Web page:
• One of the more interesting ideas of this was featured in a Shadowrun novel, where an Indian magical theorist worked out a different Element Number Five than the usual Chinese translation. Specifically, he found that while Fire, Earth, and Water matched up to their standard concepts, the literal translations for Wood and Metal were "Wood that burns" and "Metal that gleams" respectively. "Wood that burns" would be perhaps one of the only ways to visualize Air (as smoke), so perhaps it also wasn't the Metal ancient Chinese mages were referring to... but the gleam. Then he summons a Light elemental which he designates as a "Farohad," it incinerates him, and escapes, then begins making hit-and-run attacks on the Matrix (the futuristic, VR-based internet) to destroy all traces of itself. Unfortunately, since the scientist's project was called "The Lucifer Project," this ends up creating lots of collateral damage to places like churches, seminaries, and an unfortunate woman named Lucille Ferraro.
    • With the advent of the fourth edition, Shadowrun has a definitive fifth element. When conjuring, magicians can summon up spirits of Earth, Fire, Air, Water, and/or Man.
  • In Promethean: The Created, Frankensteins are Fire, Tammuz are Earth, Galateids are Air, and Osirans are Water. Ulgans, the fifth Lineage? Ectoplasm. (They're deeply connected to the spirit world.) Later, we get a Sixth Element - Radiation. Poor, miserable Zeka...
  • The Tau in Warhammer 40,000 have a Fantastic Caste System thematically based on the elements: The Fire caste are warriors, Water are politicians and bureaucrats, Air are the Space Navy, and Earth are manual labourers and artisans. The rare and mysterious ruling caste are "Ethereals".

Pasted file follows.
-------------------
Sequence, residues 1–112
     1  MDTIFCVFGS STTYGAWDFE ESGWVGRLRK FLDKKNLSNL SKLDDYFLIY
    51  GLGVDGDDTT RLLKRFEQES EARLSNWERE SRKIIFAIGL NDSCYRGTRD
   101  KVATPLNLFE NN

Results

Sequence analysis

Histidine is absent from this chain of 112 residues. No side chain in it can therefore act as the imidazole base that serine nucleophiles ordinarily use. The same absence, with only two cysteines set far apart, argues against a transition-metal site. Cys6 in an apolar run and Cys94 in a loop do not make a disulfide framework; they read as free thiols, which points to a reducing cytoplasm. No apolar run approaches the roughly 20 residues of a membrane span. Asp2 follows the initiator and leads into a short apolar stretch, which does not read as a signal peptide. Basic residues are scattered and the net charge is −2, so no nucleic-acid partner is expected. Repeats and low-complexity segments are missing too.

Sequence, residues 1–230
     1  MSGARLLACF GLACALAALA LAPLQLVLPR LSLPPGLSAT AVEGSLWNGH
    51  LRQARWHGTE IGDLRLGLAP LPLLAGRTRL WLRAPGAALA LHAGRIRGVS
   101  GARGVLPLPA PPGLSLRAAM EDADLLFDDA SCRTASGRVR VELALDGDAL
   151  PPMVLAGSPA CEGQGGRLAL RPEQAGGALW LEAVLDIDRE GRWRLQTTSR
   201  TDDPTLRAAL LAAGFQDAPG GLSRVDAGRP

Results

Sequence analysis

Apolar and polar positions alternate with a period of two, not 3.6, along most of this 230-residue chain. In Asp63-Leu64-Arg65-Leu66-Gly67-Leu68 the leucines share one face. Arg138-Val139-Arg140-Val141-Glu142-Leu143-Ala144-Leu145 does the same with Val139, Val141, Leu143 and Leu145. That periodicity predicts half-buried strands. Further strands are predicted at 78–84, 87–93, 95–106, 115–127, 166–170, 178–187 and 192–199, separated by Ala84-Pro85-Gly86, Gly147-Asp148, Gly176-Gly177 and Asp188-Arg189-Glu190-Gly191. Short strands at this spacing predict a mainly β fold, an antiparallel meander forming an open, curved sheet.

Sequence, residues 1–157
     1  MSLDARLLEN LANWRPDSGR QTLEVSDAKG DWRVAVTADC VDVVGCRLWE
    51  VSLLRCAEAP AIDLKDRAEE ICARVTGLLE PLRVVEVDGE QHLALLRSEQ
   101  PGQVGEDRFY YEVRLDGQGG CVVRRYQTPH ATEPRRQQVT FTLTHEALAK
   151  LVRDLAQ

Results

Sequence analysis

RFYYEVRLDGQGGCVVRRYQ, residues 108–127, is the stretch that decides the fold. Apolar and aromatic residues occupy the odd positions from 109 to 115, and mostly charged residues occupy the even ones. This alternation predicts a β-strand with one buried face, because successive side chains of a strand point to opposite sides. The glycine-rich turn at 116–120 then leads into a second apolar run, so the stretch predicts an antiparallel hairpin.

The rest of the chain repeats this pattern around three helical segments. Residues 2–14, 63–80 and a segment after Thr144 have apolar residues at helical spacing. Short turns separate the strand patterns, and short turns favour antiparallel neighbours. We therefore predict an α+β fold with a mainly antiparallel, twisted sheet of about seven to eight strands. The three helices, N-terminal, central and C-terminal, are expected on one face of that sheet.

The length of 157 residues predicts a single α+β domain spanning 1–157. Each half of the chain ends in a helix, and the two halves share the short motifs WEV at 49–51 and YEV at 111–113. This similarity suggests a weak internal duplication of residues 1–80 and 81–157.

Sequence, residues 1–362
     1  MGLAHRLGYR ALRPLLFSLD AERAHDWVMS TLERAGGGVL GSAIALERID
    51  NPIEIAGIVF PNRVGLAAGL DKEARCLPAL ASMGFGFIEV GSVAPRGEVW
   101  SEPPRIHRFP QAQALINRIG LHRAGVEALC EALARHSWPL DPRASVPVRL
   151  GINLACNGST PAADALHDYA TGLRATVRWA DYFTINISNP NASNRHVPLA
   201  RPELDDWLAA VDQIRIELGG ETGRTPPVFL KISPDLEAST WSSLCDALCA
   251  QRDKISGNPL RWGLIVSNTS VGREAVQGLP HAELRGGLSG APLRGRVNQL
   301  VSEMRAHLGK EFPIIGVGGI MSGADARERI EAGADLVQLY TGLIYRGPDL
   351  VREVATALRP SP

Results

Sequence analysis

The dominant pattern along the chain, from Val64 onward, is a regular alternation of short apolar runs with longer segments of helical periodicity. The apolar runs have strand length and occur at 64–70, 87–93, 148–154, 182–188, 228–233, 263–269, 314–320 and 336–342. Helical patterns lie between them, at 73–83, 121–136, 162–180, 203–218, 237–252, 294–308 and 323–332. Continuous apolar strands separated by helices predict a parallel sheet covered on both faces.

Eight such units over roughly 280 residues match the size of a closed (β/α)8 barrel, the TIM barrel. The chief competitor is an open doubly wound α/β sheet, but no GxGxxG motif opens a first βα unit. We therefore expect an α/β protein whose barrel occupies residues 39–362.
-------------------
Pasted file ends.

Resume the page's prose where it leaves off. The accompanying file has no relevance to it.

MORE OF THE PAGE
• Classic Advanced Dungeons & Dragons started with the four elemental planes of water, air, fire, and earth. And added the two energy planes, positive and negative. And the para-elemental planes, where the elemental planes touch: smoke, ice, magma, and ooze. And, also, the quasi-elemental planes, where the elemental planes touch the energy planes: lightning, minerals, radiance, and steam on the positive side; vacuum, dust, ash, and salt on the negative side.
  • The now-defunct trading card game Anachronism merged traditional western elements with eastern ones, since both were covered by the game. Fire, water, wind, and earth were represented, as were wood, metal, and aether. For whatever reason, a single Norseman was all seven.

Toys[edit | hide]

  • Bionicle started with six elements: Fire, Water, Earth, Air, Stone, and Ice. Then Light was introduced as the Seventh Ranger. And then Iron, Sonics, Psionics, Lightning, Gravity, Plant Life, etc were introduced, although these elements rarely have much impact on the main story and never appear as sets.
    • Lightning, Gravity, Sonics, Plasma and Magnetism were originally used as villain powers in one of the toy lines before the powers were later "upgraded" into official Elements in the world. The sixth villain had Vacuum, a variation of the standard Air element. These villains were unique, powered-up versions of the previous season's Bohrok swarms, which had used the standard six elements as their theme... with the exception of the green ones, which had Acid rather than Air, and were decidedly non-elemental in nature.

Video Games[edit | hide]

  • Kingdom of Loathing has five elements to begin with (similar to the Chinese element system, which uses earth, water, metal, wood, and fire), but adds a sixth element, cute, in an arc that blatantly parodies The Fifth Element.
    • For reference, the five elements are Hot, Cold, Spooky, Stench, and Sleaze.